forcement) were presented at low probabilities in an effort to elicit endogenous potentials similar to those which occur in humans following the presentation of infrequent or surprising stimuli.
Three classes of responses were recorded. Middle-latency components (P25- N60) showed short refractory periods and were maximal in amplitude to brief click stimuli similar to echolocation pulses. Long-latency components (N200- 450) showed comparable amplitudes for click and tone stimuli. When stimuli were repeated, the N200-P450 was markedly reduced in amplitude at all intervals tested (up to 6.0 sec). This refractory process was specific to the stimulus because conditioning tones of one frequency did not reduce N200-P450 amplitudes to probe tones of another frequency. The dolphin N200-P450 showed more marked and specific refractory effects than the human N100-P200 recorded in a comparable paradigm. The differences may reflect a more precise representation of auditory stimuli in dolphin short-term acoustic memory.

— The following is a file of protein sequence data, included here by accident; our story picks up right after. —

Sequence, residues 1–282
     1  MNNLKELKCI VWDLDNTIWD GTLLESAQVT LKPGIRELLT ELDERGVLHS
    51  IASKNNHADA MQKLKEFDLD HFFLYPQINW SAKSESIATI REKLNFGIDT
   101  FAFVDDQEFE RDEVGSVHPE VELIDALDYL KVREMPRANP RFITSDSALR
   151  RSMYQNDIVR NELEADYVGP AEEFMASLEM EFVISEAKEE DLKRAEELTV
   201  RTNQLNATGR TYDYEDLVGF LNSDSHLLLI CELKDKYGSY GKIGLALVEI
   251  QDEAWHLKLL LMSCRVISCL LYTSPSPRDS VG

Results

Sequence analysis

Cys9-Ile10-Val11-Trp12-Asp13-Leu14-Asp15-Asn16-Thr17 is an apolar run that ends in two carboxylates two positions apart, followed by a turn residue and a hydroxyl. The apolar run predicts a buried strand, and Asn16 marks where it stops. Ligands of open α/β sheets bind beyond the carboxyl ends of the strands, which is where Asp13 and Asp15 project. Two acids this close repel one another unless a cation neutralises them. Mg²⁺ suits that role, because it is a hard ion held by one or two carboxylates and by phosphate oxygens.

Deviant stimuli produced an enhanced long-latency positive component (P550) in the dolphin, similar in some respects to the "decision-related" P300 wave in humans.
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